Creating and Maintaining Patient Engagement by Understanding Patients’ Needs

February 17, 2022 | Carenet Health

From booking hair appointments and ordering food deliveries online to mobile banking and virtual online meetings, consumers are accustomed to using multiple devices and platforms to manage their lives. When it comes to healthcare, however, the use of technology to schedule appointments, find appropriate specialists, and meet with clinicians has been slower to evolve until challenges caused by the COVID-19 pandemic accelerated adoption and opened the door to new technologies. As a result, new healthcare technologies have flooded the market to engage patients.

2022 U.S. Consumer Trends In Patient Engagement Survey.  Understanding Patients' Needs for Access & Convenience in Today's World.  Get The Download.

However, it takes more than just deploying new technology to attract and retain patients. To create strong patient-provider relationships and foster patient loyalty in today’s consumer-driven world, your health system must have insights into what healthcare consumers want and expect from you.

Below are insights from our 2021 Consumer Trends in Patient Engagement Survey that will allow you to create patient engagement strategies that meet the needs of your patients.

Patient Engagement Starts with a Strong Foundation of Trust

Engaging patients and responding to their communication expectations in this competitive environment starts with understanding their preferences and pain points. We surveyed 500 healthcare consumers across the country for our 2021 U.S. Consumer Trends in Patient Engagement Survey.

The results shed light on the current high and low points in the patient journey and show opportunities for healthcare providers to strengthen patient engagement and satisfaction with appropriate communication channels and tools.

The survey revealed that the overwhelming majority of healthcare consumers trust the information they receive from their providers.

95% of respondents expressed a high level of trust in their providers.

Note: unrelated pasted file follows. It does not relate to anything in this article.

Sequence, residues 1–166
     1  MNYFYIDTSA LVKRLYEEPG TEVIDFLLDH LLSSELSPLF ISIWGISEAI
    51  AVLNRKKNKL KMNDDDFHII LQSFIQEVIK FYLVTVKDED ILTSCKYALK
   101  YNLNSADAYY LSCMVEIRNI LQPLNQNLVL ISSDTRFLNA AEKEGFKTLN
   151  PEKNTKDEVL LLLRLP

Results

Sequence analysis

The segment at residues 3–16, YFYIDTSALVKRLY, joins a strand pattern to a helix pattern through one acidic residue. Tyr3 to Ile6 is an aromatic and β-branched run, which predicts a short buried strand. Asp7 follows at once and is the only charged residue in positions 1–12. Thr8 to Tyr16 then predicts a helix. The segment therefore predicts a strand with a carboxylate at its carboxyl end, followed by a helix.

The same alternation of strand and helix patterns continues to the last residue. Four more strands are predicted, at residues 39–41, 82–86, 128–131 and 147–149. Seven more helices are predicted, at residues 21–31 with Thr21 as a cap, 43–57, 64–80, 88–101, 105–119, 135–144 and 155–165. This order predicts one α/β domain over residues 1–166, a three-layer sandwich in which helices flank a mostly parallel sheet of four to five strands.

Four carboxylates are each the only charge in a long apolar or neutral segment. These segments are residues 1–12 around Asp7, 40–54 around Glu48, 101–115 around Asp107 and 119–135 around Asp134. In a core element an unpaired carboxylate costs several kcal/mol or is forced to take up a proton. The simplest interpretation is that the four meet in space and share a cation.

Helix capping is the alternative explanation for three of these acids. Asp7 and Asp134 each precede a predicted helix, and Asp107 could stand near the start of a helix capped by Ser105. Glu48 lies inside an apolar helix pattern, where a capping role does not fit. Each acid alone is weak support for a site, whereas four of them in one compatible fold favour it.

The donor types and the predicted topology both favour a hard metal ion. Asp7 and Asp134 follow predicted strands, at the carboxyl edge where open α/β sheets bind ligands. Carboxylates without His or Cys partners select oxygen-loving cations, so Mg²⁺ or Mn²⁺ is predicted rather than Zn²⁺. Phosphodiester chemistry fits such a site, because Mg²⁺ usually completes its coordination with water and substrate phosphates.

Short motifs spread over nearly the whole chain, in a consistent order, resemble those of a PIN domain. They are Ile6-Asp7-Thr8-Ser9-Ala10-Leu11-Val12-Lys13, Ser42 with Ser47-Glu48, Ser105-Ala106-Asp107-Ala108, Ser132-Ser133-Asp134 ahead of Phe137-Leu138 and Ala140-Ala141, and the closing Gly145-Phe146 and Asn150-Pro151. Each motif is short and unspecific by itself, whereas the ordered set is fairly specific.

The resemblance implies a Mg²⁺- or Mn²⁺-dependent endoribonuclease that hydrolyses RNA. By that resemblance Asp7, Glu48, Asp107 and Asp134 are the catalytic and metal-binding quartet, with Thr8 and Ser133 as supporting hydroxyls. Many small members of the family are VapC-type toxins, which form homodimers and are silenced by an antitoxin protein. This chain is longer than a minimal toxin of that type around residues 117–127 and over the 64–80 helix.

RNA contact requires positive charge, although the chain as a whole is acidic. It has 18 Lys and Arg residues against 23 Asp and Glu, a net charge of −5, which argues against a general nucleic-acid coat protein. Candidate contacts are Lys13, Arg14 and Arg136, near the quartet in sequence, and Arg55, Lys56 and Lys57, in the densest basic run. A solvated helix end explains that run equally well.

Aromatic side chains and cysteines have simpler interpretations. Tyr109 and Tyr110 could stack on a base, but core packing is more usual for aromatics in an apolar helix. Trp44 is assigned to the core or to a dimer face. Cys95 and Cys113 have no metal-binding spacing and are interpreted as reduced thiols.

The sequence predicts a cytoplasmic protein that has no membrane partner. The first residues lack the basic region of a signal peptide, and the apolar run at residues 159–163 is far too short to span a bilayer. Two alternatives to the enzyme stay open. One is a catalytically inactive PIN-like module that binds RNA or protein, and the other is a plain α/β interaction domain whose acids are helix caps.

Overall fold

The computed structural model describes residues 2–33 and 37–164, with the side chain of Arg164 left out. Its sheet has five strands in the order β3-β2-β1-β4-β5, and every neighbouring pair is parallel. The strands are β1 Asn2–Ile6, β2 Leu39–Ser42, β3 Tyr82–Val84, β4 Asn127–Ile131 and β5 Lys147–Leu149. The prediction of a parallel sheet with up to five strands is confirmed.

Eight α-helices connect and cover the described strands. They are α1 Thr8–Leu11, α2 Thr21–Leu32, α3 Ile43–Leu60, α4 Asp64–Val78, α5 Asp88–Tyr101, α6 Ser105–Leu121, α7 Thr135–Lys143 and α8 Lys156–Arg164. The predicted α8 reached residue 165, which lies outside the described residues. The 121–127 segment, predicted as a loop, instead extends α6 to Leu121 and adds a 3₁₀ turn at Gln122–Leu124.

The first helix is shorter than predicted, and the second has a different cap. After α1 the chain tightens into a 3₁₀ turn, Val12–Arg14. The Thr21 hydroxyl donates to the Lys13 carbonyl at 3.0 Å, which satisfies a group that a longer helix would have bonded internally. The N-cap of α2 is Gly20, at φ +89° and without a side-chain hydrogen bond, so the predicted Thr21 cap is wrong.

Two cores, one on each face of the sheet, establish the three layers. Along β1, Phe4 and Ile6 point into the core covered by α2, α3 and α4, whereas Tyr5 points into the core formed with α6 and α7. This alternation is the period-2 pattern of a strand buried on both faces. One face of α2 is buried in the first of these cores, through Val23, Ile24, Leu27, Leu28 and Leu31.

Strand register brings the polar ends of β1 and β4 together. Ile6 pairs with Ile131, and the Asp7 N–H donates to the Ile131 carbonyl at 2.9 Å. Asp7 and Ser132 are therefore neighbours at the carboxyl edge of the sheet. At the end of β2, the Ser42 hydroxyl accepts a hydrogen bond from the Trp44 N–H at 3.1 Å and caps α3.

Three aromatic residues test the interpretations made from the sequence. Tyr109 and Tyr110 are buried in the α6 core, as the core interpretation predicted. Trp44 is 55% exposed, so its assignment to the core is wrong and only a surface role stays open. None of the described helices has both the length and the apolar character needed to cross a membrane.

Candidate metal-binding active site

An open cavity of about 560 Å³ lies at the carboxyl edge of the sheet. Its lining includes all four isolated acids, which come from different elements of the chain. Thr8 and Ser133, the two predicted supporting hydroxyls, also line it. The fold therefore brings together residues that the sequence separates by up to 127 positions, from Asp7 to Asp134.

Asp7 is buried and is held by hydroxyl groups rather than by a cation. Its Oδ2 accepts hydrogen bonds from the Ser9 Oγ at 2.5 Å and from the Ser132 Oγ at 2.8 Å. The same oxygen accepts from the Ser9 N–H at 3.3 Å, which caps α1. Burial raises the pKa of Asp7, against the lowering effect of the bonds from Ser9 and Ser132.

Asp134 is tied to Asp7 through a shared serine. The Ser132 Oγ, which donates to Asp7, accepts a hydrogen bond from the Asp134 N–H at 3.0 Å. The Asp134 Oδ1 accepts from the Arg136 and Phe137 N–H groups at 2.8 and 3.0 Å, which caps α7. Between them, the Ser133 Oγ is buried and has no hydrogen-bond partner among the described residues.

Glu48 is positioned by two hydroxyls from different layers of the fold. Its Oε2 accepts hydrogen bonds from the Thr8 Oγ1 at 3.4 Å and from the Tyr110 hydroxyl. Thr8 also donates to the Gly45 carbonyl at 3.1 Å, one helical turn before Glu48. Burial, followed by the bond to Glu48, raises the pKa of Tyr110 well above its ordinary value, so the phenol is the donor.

98% of respondents felt that they could communicate freely about their health concerns with their providers.

This represents a critically important foundation of trust between providers and their patients that health systems can successfully build on. Using technology that consumers are familiar with to improve access, convenience, and care coordination, health systems can better engage patients along their healthcare journeys.

Healthcare Providers’ Influence on COVID-19 Vaccination

One of the most important findings in our survey was that healthcare providers can influence patient decisions about the COVID-19 vaccine. Among the survey respondents who were not yet vaccinated:

29% of respondents said that information from their provider would make them reconsider getting the vaccine.

22% of respondents said being advised by their doctor to get the vaccine would motivate them.

15% of respondents would think about being vaccinated if their provider educated them about the possible side effects of the vaccine.

Effective Patient Communication Requires Using the Right Channel at the Right Time

With the array of options to communicate with patients – phone calls, email, and text messages – the survey uncovered clear preferences and engagement statistics. Our survey results provided nuanced insights into which channels might be best to leverage for these patients.

For example, email messages to patients from primary care providers are a key communication vehicle.

92% of survey respondents who receive email communication from their providers say they open and fully read or scan the messages.

Only one-third of those surveyed said they are likely to respond to emails.